Energy storage is set to double in the United States in 2019. According to a recent study by IHS Markit, the United States will overtake South Korea as the largest grid-tied energy storage market in the world, going from 376 MW in 2018 to 712 MW this year. This does not include behind-the-meter energy storage, which adds a few hundred MW of deployed capacity.
Of the 40 states with operational battery energy storage projects, seven offer direct financial incentives to the system owner. This article will highlight those local incentives in the hopes that solar contractors can better inform their customers, lower the ROI on solar + storage projects, and help accelerate the adoption of more grid-tied storage in the United States.
Salt River Project, one of the largest utilities in Arizona, launched a Battery Storage Incentive Program on May 1st, 2018. Through this rebate program, SRP will write a check for up to $3,600 ($300 per kWh-DC) on residential systems. Customers must purchase and install qualifying battery storage systems and also agree to participate in SRP's battery study. The rebate will last for up to 36 months or until the limit of 4,500 homeowners is reached. At the time of writing this article, over 3,900 reservations remained.
California has always been ahead with regards to clean energy, and its Self-Generation Incentive Program (SGIP) is no exception. Since its inception back in 2001, the program has been revised a few times (for example, it no longer provides rebates for PV systems), but was recently extended in 2018 by Gov. Jerry Brown, adding $800 million in funding up to 2025. Rebates are available for energy storage systems in the state's largest utilities: PG&E, SoCalGas, SCE and SDGE (via the Center for Sustainable Energy).
The Jacksonville Electric Authority (JEA), which covers Florida's Northeastern population, has a Battery Incentive Program for home and business owners. Effective since April 1st, 2018, JEA's rebate provides $4,000 per energy storage system that meets their qualifications, such as having a 6 kWh usable capacity rating and a warranty of at least 10 years or 5,000 cycles. The rebate amount is subject to change after the first 50 participants.
The Maryland Energy Administration offers an Energy Storage Tax Credit. The tax credit is the lesser amount between $5,000 for a residential system, $75,000 for a commercial system, or 30% of the total costs for the energy storage installation. The program's funding in 2019 is $300,000 for residential systems and $450,000 for commercial systems, with most of it still being available on the residential side and all of it being up for grabs on the commercial.
NV Energy, the utility that covers most of the large cities in Nevada, offers a residential and commercial incentive program for customers installing energy storage and tying it to their solar systems. Customers can join a Time-of-Use (TOU) rate plan and receive incentives via selling energy back to the grid for a higher $/Wh during peak hours, or they can choose to remain in the standard rate. The program, which began in September of 2018, has 5 steps with $1,000,000 per step in reserved funds.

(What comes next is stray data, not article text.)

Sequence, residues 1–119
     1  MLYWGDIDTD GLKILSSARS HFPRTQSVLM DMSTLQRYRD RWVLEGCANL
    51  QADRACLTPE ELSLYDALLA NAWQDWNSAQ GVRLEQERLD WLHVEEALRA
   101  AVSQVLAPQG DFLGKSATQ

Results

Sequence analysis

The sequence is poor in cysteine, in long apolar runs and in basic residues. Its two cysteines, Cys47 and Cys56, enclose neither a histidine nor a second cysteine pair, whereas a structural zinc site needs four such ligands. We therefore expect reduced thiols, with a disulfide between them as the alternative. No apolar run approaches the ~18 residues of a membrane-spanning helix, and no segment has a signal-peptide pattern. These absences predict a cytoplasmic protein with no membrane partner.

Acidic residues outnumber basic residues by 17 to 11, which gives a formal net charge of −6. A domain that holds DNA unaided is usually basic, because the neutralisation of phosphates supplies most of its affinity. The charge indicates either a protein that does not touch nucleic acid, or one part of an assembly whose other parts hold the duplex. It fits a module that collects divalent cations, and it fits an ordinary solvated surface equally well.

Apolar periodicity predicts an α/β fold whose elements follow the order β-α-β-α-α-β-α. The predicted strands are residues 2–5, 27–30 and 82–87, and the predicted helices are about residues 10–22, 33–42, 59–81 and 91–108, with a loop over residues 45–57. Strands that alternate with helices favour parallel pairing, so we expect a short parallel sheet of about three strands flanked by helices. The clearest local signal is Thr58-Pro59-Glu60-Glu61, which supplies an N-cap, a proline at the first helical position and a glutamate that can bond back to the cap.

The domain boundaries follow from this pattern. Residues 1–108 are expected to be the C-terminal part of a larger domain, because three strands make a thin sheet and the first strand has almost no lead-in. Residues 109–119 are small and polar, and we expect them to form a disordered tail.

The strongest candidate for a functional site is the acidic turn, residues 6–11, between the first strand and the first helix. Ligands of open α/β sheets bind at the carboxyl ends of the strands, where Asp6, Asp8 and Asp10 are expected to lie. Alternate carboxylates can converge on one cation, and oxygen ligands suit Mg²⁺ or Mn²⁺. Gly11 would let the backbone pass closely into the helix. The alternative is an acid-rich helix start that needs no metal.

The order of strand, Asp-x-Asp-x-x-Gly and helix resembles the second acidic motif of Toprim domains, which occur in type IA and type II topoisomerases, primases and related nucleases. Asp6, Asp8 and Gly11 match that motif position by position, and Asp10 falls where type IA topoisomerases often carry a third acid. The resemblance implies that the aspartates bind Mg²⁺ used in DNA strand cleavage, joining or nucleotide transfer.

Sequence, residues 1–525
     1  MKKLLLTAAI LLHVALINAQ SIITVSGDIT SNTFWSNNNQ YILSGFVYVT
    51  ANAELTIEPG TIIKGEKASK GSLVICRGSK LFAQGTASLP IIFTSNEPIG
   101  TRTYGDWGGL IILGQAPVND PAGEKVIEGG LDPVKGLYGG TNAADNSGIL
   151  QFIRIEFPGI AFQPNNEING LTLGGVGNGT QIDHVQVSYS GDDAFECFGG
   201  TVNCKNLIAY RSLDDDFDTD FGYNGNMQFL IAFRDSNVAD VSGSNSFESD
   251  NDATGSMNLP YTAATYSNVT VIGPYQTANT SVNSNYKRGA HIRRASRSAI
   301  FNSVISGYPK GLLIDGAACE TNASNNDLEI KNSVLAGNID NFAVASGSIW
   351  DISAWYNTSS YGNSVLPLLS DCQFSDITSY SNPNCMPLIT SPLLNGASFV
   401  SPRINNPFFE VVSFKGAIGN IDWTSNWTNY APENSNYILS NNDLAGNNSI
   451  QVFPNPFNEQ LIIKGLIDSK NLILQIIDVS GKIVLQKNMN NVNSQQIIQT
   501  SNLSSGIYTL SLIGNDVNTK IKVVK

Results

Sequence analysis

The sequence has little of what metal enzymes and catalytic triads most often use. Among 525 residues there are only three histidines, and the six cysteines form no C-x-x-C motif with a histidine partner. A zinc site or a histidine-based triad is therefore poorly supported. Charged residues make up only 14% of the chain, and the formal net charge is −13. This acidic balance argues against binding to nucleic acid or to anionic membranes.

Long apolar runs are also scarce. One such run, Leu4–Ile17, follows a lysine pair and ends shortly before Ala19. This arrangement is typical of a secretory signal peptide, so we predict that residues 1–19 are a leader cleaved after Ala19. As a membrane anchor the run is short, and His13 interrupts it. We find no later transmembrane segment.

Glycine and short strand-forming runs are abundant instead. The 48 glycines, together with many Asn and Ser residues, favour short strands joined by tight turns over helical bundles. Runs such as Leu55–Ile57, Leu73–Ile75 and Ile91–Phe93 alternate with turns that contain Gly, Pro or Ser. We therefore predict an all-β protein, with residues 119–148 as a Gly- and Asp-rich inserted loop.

AB 260, enacted in October 2017, amended the property tax exemption in New York state to include energy storage projects for residential customers. Named the Energy Conservation Improvements Property Tax Exemption, customers who add energy storage to their house can now have 100% of the value added to the residence from the storage system removed from their property taxes. This exemption lasts for 15 years.
Wisconsin's Public Service Commission offers grants via its Energy Innovation Grant Program as a way to reduce the state's energy consumption, increase energy resiliency and grow the state's renewable energy portfolio. Limited to municipal or tribal governments, K-12 school districts, or manufacturers, the grant provides the opportunity for those entities to receive funds for energy storage or solar projects The program began in 2018 and the budget for 2019 is $5,000,000.
There are currently only seven energy storage incentive programs for homeowners and business across the country. However, as solar keeps on growing and utilities begin to hit their NEM caps, we can expect them to slowly introduce more TOU rates and rebates for energy storage. Plus, given the fact that lithium-ion batteries are decreasing in price, it is only a matter of time until energy storage becomes attractive in markets where it currently does not make financial sense.
Before proposing one of these incentives to a residential or commercial customer, it is recommended to thoroughly read the individual applications and requirements to see if the project qualifies. We also recommend reading through Barry Cinnamon's article on 10 mistakes he's made over the years selling and installing energy storage systems. For further support, reach out to your dedicated CivicSolar Account Manager.